The script, in unambiguous terms, says American officials must not walk the talk. They ought to make the process complex, manufacture excuses to let it drag on, and then blame Iran for the dilly-dallying. 

Like, for example, Trump's unilateral exit from the deal was blamed on Iran. The reinstatement of sanctions in breach of the accord was again blamed on Iran. Iran's reciprocal measures in response to the US violation of the multilateral deal were also blamed on it.

A series of breaks in Vienna talks have also been blamed on Iran, despite the fact that Americans have been reluctant to provide necessary guarantees or reverse Trump’s ‘maximum pressure’ policy. Even Europeans acknowledge it but are not willing to go public for obvious reasons.

In other words, anything Americans do is justified, even if they make a mockery of international law.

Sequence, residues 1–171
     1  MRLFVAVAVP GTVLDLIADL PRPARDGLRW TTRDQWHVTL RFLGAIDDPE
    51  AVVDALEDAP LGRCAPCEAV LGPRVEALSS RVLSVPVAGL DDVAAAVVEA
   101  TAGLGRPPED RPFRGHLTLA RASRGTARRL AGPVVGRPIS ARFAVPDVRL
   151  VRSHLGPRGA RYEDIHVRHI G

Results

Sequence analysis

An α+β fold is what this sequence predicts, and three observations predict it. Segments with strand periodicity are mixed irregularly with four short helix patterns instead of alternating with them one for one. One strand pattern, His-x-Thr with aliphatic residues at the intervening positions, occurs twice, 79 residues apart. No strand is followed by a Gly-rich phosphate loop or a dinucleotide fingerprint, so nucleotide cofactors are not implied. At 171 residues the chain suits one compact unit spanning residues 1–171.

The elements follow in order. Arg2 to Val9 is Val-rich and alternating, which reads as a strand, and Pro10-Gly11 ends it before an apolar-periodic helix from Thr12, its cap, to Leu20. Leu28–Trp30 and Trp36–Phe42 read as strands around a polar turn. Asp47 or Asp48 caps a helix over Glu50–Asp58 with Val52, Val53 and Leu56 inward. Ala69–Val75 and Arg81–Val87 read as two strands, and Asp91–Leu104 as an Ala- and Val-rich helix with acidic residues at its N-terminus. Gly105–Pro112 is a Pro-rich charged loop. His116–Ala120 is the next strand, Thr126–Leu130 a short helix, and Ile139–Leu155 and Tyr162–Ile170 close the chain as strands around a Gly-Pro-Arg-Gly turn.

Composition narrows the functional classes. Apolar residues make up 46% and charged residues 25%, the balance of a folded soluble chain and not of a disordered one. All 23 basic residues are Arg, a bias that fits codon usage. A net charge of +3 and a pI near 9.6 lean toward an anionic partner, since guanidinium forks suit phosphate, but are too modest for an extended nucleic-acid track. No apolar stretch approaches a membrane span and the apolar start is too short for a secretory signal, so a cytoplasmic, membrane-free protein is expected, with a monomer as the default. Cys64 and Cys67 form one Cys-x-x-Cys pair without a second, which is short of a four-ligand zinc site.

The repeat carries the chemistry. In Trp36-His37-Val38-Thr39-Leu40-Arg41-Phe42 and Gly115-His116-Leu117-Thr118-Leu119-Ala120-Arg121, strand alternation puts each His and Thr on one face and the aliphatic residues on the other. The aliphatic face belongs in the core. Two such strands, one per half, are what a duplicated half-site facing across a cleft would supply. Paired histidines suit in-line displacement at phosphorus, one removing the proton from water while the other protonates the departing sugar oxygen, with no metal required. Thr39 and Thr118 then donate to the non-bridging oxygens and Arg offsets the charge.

Malley did what was, as it appears, not expected of him - it could be his reported meeting with Iranian officials, or perhaps his questioning of the Biden administration's policy of procrastination, or maybe the fact that he took ongoing negotiations a bit too seriously because, from the standpoint of Americans, it's not a serious business at all. The idea is to let the process drag on.

As a long-time friend and confidante of Blinken, the decision to sideline him came as a shocker to many strategic affairs pundits in the West. But, it's important to understand that it's not the State Department that calls the shots on US foreign policy but the all-encompassing military-industrial complex.